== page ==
Tag Archives: Harvard School of Public Health

Airing Out New York Offices

office-windowMany studies have been undertaken – and even college courses developed – to ascertain the best way of enhancing productivity in the office.  But it seems that one particular concept has been completely overlooked…and it is free…the air! In a study undertaken by the Harvard School of Public Health, indoor air quality was found to have a significant impact on one’s cognitive abilities.  Those who participated in the study who had increased ventilation and lower carbon dioxide and VOC numbers were shown to display “higher cognitive scores.”  Strangely enough, according to the study’s lead author – Joseph Allen – it seems that “we’ve been ignoring the 90%. We spend 90% of our time indoors yet indoor environmental quality and its impact on health… are often an afterthought.”  Of course this should be the first clue on how to increase productivity at work.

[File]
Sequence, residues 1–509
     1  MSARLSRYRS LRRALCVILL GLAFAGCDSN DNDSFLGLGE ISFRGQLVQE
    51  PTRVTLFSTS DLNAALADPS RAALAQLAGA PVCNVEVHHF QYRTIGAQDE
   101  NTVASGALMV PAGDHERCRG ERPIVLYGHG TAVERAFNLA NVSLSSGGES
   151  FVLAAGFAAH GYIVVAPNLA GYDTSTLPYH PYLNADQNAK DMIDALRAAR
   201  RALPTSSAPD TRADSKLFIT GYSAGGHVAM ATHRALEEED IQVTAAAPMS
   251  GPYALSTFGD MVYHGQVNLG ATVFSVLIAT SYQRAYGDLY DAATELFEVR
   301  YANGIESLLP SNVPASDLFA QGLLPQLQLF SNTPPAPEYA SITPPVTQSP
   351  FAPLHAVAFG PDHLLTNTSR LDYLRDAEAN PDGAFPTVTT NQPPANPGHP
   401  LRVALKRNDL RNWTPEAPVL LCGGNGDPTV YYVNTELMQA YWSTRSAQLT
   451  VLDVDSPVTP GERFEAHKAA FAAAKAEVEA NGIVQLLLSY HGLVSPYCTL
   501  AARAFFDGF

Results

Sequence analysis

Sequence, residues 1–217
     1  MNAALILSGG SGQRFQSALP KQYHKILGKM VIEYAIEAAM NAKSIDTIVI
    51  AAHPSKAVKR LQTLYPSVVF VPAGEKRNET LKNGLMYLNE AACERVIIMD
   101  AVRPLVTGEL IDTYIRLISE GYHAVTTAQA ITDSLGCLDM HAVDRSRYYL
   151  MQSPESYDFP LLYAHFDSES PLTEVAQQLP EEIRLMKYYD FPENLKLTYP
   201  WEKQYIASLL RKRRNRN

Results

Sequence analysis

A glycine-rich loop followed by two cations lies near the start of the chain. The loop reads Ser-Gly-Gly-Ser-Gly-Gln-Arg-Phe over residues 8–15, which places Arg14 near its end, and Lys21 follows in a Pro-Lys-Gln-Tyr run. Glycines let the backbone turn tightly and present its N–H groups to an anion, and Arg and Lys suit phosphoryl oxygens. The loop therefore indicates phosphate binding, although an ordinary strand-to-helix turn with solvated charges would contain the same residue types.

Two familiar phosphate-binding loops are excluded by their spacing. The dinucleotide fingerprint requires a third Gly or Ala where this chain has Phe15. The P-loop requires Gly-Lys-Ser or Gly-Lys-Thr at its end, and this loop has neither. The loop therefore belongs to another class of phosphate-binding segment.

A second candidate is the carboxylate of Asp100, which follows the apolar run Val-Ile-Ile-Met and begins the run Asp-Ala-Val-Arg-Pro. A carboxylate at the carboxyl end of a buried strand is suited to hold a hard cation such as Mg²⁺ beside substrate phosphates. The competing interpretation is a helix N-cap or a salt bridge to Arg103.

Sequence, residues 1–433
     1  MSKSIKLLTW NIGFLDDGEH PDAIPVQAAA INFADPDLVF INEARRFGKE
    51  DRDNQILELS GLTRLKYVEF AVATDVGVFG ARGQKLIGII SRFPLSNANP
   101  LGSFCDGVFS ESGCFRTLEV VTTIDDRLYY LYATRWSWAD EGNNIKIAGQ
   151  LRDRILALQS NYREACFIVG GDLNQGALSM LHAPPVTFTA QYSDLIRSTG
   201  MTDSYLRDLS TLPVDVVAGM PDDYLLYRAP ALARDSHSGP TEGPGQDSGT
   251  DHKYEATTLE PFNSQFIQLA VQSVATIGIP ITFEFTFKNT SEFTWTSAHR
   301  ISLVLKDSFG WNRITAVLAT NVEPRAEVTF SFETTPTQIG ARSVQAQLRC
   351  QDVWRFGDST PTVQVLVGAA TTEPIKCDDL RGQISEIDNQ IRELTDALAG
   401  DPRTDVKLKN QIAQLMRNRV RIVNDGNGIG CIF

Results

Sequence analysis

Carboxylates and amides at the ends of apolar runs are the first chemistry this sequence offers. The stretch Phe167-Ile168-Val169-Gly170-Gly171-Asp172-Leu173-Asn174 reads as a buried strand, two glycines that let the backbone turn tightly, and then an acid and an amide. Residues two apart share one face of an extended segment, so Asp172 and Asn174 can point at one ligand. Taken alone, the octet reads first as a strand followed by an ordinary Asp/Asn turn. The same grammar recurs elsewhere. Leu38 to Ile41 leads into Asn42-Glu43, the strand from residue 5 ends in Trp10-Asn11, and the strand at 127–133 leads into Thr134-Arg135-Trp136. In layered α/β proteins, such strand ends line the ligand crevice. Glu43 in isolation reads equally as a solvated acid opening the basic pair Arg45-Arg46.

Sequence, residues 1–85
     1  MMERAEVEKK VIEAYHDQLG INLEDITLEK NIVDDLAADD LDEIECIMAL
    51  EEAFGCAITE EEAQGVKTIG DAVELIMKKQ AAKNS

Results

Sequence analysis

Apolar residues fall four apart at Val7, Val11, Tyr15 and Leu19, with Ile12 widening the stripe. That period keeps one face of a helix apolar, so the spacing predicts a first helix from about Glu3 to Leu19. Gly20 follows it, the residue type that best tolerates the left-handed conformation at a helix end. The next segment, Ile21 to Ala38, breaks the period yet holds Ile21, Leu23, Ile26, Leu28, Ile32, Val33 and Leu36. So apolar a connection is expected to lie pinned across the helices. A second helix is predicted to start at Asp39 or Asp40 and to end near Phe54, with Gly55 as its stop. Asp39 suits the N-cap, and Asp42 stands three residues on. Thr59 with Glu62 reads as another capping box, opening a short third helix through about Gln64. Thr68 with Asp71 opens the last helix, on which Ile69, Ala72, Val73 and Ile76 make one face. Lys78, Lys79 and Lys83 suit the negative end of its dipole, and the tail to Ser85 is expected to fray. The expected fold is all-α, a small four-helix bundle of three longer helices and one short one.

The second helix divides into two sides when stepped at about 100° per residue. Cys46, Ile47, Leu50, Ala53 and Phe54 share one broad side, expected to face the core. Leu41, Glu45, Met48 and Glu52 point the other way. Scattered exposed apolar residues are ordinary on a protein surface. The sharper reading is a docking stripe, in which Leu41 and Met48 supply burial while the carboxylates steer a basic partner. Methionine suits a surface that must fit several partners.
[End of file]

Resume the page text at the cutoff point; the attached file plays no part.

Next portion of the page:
And it seems it is.  Given this result – and the fact that projected need for new office space in Manhattan to reach a staggering 92 million square feet in the next two-and-a-half decades, it seems like New York City office building developers are sitting up and taking note. It also has been found that making these office improvements does not have to warrant a financial burden.  In a recent Crain’s New York article written by Scott Frank, a few inexpensive suggestions were put forward.  These included:

  1. Design ventilation rates should be elevated to 40 cubic feet per person.
  2. Demand-control ventilation strategies should be employed to adjust how much ventilation air is delivered to a space according to how many people are there at the time along with indoor pollutant levels (as detected by sensing devices)
  3. Reduce VOCs by bolstering tenant building standards to include low-emissions
  4. Break down VOCs with air handlers that have bipolar ionization technology
  5. Consider using dedicated outside air systems in existing buildings.

Finally, another way to increase air is by encouraging employees to get out of the office once in a while.  Being tied to one’s desk 9+ hours each day is a sure-fire way to increase the possibility of a drop in both mental and physical wellbeing.